I’m still thinking about all of the great conversations heading to, during, and heading home from the ETAD Summer Institute this year, the theme of which was Makerspaces. I’ve seen Tweets and blogposts for a couple of years now. I recall a somewhat recent experience where an enthusiastic undergraduate education student asked if anyone in the group had heard of the maker movement before. I was the only one who raised my hand, and with a grin this student then pointed at the 3D printer in the room and said something to the effect of, the maker movement will change the way we teacher so we had better all learn about it and prepare for our classrooms to all have 3D printers. Obviously Teachers and Machines was missing from this undergrad’s required reading list, but I digress.
As someone who has made things from various materials and taught industrial arts in K12, and continue to craft items, I have found the diverse interpretation of what it means to make things a little confusing. A few months ago I was getting a tour of a local maker space and I saw things like 3D printers (at first glance this makes sense), and little bits (makes slightly less sense, more detail to follow), and some ball that you can move around by tracking your finger along an iPhone (seriously!?) What place do these little robots (e.g. Ollie) have in a place that ostensibly is about making? So tracing backwards maybe I can figure this out.
In a previous post I mentioned that we had some of what I might call polished products that frequently are found in maker spaces (pictured here are Cubelets). Brian is demonstrating in this photo that he has created a circuit where the pitch of a speaker will increase or decrease by moving his hand towards and away from the blocks (like a Theremin). He has taken pre-made cubes, with pre-made functions and clicked them together in such a way to get this functionality. Knowing that there are a variety of blocks with different functions that are pre-determined and cannot be changed by the user, is this making?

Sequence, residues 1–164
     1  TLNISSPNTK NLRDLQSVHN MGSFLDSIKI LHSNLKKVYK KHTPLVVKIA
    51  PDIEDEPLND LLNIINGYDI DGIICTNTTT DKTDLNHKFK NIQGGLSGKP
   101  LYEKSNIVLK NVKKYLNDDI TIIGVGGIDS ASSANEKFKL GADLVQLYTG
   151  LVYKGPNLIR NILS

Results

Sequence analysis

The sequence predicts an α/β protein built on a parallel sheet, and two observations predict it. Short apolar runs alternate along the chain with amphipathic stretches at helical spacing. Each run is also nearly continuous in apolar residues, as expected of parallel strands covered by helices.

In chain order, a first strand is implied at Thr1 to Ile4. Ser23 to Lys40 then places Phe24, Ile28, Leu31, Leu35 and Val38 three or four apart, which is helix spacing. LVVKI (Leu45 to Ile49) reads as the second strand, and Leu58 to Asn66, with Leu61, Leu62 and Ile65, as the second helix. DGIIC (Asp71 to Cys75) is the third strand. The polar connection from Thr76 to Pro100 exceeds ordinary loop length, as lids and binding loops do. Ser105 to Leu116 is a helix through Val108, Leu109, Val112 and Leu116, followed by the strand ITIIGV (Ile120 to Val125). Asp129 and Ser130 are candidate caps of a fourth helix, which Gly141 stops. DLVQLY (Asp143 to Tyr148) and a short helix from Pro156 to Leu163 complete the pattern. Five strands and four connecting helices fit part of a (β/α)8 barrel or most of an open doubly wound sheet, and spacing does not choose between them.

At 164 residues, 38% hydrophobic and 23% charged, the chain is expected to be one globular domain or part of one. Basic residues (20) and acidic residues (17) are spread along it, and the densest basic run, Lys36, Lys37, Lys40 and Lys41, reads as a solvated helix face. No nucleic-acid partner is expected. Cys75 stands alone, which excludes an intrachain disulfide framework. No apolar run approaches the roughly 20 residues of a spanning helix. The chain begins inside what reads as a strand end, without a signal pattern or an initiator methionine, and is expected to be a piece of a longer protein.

On the second day Marc Gobeil provided kits for everyone to try their hand at making their own speaker box. The box sides were pre-cut on a laser cutter (thanks Marc!) and pre-made circuit boards were provided. However, unlike little bits – that are just plug and play so not that different to me that the above example – participants had to identify the components (e.g. resistors, capacitors, etc) and figure out where to place them in the circuit board. Then they had to solder the components in place. Once everything was soldered, then we put the boxes together and voila! we had working speakers. I thought for a moment that this was definitely more ‘makery’ than the other kits, but then I remembered that all of the components are still provided to the user. Yes, we had to figure out a bit more than with the polished products and mistakes were way higher stakes, but this might still not be enough.
At the risk of sounding like Grandpa Simpson, when I learned about electronics and electricity this is more like what I had to work with. I was given a generic board (perf board) and a schematic. I would have to translate the images on the page that looked nothing like their real world counterpart, and place them correctly into an arrangement on the board such that the circuit would work. I had to solder everything in place myself and test the circuit (please work, please work) and trouble shoot when it didn’t work. I could come up with all kinds of different arrangements for the components, and if I wanted to change the plans I could. For example, by changing capacitors and/or resistors in the circuit pictured I could change the duration of the timer. If it was a speaker that just produced one pitch, changing the components would control the pitch. I would be at full liberty to change the final product. I could add other parts to the circuit such as a switch to really make it my own. This must be what maker really is. Although, then I remembered this…
For those of you that haven’t ever heard of Thomas Thwaites it’s a story worth listening to. This is one of a handful of examples where we might consider that no one in the world knows how to make most things from start to finish anymore. It also reminds me of the essay I, Pencil (1958) by Leonard E. Read. So maybe Thomas is one of the only real makers in the world. It depends on where we drawn the line – assuming it’s worth drawing.
What are your thoughts? Are there essential elements to making, makers, and makerspaces? If so, what are they?